ferro that we must fight the fleet with sand - that the battery originally was only meant to defend against land approach. The battery must be held as long as possible; even twenty-four hours are important.
Respectfully, & c.,
G. T. BEAUREGARD,
HDQRS. DEPT. OF SOUTH CAROLINA, GEORGIA, AND FLORIDA,
Charleston, S. C., July 24, 1863.
Brigadier General WILLIAM B. TALIAFERRO,
(Through Brigadier General R. S. Ripley.)
GENERAL: The batteries designed to render Batteries Wagner and Gregg untenable by enemy if reduced not being completed, it has become exigent that those last batteries should be held to the last extremity. Wagner, being under guns of Sumter and Gregg, should be held by infantry and siege guns alone until its parapets and bomb-proofs are destroyed and no longer afford shelter against artillery. The general regards it almost improbable that another assault will be attempted. Furthermore, the evacuation of Wagner does not necessarily involve immediate abandonment of Gregg, which, with reduced garrison and sharpshooters filling the sand-hills between it and Wagner, may be held for several days longer. When obliged to quit either work, the guns must be thoroughly disabled by spiking, knocking off trunnions, cutting and burning carriages and bomb-proofs, and by blowing up the magazines and parapets. In view of the great improbability of an assault, may it not be well to reduce the garrison to a minimum to-morrow morning just about 2 o'clock?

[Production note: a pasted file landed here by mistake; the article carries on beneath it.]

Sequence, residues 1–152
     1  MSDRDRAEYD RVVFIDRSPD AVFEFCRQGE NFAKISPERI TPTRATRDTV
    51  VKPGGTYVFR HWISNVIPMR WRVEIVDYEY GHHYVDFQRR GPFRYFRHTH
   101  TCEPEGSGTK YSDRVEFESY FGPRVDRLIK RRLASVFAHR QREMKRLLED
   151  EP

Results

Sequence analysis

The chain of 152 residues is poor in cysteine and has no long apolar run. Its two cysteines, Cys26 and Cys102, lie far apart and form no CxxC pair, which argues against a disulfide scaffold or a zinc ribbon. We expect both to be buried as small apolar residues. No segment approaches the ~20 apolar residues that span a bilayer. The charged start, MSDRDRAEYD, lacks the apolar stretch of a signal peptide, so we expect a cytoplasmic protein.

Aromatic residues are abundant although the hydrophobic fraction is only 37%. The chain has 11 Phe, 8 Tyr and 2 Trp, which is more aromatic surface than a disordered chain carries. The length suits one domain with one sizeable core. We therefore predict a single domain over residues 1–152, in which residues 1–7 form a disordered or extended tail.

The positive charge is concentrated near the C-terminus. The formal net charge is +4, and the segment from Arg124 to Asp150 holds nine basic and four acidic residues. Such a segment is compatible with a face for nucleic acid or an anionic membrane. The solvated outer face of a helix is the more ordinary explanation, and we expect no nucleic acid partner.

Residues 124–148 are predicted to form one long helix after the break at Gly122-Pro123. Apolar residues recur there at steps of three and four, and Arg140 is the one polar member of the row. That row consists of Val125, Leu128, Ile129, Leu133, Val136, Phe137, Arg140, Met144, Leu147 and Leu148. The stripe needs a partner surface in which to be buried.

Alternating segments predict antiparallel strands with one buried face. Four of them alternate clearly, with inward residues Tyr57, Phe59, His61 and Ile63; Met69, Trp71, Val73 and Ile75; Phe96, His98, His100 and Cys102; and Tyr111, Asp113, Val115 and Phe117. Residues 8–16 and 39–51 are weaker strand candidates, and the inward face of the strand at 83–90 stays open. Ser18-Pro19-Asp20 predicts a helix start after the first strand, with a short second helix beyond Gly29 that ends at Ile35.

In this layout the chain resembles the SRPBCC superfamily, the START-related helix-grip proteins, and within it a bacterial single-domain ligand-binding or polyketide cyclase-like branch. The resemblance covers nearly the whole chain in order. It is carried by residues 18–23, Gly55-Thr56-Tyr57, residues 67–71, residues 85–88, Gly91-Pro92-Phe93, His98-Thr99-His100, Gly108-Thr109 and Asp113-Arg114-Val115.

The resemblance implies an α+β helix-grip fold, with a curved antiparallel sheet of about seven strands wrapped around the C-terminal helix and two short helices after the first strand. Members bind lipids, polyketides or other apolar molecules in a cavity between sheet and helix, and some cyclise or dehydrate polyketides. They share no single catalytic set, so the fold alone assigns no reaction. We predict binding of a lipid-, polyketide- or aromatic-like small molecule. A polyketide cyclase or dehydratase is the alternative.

Respectfully, your obedient servant,
Chief of Staff.
CHARLESTON, S. C.,
August 2, 1863.
GENERAL: I have the honor to report that last night the steamer Chesterfield proceeded to Cumming's Point, having on board the Charleston Battalion, which was proceeding to the relief of the Fifty-fourth Georgia Regiment, and a quantity of ammunition, and a lot of sand-bags. She arrived, landed the Charleston Battalion, took on board the sick and wounded of the Fifty-fourth Georgia, and was proceeding to land her stores and take the regiment on board, then on its way from Fort Wagner, when a wooden gunboat from the enemy came within range and opened a heavy fire, driving the steamer from Cumming's Point to Fort Sumter. The captain and mate being ashore, of course the enemy having the range, it being a bright moonlight night, and the transport steamer being of the weakest kind, it was imprudent to expose her again that night. A portion of the cargo, which was not landed, was sent down in small boats, and the attempt will be made to receive the regiment to-night before the moon rises; but I beg respectfully to represent that unless some measures can be taken to prevent such impertinence on the part of